The force for a spring with displacement $\vec{x}$, spring constant k is $\vec{F}(x)=-k\vec{x}$ (Hook's Law).
From Newton's law $\vec{F}=m \vec{a}=m \frac{d^2 x}{dt^2}$
So $m \frac{d^2x}{dt^2}=-k x$.
The solution of the above equation is $x=A \sin\omega t$.
Since $\frac{dx}{dt}= A \omega \cos\omega t$, $\frac{d^2x}{dt^2}= -A \omega^2 \sin\omega t=-\omega^2 x$
So $\omega=\sqrt{\frac{k}{m}}$.
If the spring is moved away equilibrium position, it will move with displacement similar to $x=A \sin\omega t$, which is called simple Harmonic motion (SHM).

The following applet shows relation betweeb simple harmonic motion and spring motion. $\frac{x^2}{a^2}+\frac{y^2}{b^2}=1$, $x(t)=a*\sin(\omega t), y(t)=b*\cos(\omega t)$

The uniform circular motion is intimately related to a simple harmonic motion.
If we were to look at a side view of the uniform circular motion
on a thumbtack stuck on a rotating table,
we would see the thumbtack oscillate in simple harmonic motion.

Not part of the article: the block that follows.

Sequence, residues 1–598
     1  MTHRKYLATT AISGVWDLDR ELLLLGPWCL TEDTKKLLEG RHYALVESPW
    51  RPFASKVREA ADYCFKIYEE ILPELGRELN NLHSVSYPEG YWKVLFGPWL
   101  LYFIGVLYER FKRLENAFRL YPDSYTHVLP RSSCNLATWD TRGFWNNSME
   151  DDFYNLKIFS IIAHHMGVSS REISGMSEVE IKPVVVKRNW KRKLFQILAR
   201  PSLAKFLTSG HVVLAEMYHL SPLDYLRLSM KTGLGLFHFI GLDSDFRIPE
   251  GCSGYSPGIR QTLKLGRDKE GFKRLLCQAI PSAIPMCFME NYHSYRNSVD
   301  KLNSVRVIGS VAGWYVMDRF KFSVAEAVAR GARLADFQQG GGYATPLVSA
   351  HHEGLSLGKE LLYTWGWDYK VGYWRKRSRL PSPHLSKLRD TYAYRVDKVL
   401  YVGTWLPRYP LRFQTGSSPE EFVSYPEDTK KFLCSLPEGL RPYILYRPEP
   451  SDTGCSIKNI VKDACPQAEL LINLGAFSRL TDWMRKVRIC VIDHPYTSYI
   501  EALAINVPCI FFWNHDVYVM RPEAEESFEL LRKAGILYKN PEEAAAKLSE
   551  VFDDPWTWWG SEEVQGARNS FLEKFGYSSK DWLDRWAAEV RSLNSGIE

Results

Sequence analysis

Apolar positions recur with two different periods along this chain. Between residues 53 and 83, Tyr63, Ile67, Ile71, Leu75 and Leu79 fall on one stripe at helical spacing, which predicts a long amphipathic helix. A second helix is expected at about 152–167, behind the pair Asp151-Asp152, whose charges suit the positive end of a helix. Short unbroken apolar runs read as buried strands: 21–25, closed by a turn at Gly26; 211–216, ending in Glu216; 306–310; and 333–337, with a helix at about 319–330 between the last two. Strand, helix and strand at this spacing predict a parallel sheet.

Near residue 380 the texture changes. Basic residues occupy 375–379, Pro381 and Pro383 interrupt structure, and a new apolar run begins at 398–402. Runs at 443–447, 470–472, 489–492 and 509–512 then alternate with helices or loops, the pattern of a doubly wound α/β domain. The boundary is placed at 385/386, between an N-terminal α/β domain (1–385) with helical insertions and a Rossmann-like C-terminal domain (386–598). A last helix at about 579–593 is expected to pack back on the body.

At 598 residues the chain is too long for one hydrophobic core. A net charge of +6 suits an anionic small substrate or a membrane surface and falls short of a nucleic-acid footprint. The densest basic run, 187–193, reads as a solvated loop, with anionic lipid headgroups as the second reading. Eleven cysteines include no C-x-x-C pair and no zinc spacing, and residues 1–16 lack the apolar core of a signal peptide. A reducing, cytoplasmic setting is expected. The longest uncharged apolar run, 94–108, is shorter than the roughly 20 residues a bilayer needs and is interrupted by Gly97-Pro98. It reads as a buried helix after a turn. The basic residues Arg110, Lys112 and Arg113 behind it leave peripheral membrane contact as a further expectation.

Press Start to begin the animation.
The black dot will move in uniform circular motion.

Watch and find out the relation between uniform circular motion and simple harmonic motion.

Press left mouse button to suspend the animation, press it again to resume.

Did you find out the frequency of the uniform circular motion?

The red arrow represents the velocity of the black dot.

The yellow arrow and the blue arrow are components of the above velocity vector.

Did you know when the thumbtack has maximum velocity ?

If you click the left mouse button within the dark-gray area , and drag the mouse button left/right,

you can rotate the circle about the vertical axis. (sample picture)

You can rotate the circle 90 degree => side view of the motion.

( This feature was added as a request from B. Surendranath Reddy.)